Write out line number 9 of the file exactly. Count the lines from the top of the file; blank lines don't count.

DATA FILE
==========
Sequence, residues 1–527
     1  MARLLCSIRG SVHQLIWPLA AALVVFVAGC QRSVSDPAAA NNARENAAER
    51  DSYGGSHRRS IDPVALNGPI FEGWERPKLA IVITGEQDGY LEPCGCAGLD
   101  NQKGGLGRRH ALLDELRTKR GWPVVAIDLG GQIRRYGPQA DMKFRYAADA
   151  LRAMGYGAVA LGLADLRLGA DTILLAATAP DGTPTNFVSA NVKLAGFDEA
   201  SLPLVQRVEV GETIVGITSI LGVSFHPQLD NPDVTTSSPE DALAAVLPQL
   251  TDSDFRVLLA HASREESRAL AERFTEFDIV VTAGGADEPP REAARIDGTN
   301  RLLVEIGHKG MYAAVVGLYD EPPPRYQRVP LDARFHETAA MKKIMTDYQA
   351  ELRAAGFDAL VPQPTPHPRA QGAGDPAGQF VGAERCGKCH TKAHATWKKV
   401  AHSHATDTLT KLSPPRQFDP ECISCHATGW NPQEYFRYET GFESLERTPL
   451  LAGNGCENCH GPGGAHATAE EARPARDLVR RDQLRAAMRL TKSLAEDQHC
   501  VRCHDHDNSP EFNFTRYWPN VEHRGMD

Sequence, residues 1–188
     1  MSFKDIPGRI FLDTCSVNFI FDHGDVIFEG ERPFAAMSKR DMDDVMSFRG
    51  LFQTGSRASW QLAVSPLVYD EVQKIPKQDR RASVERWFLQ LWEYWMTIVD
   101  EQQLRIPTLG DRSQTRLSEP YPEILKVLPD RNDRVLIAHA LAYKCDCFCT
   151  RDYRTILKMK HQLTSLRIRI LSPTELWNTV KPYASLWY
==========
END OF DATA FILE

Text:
   351  ELRAAGFDAL VPQPTPHPRA QGAGDPAGQF VGAERCGKCH TKAHATWKKV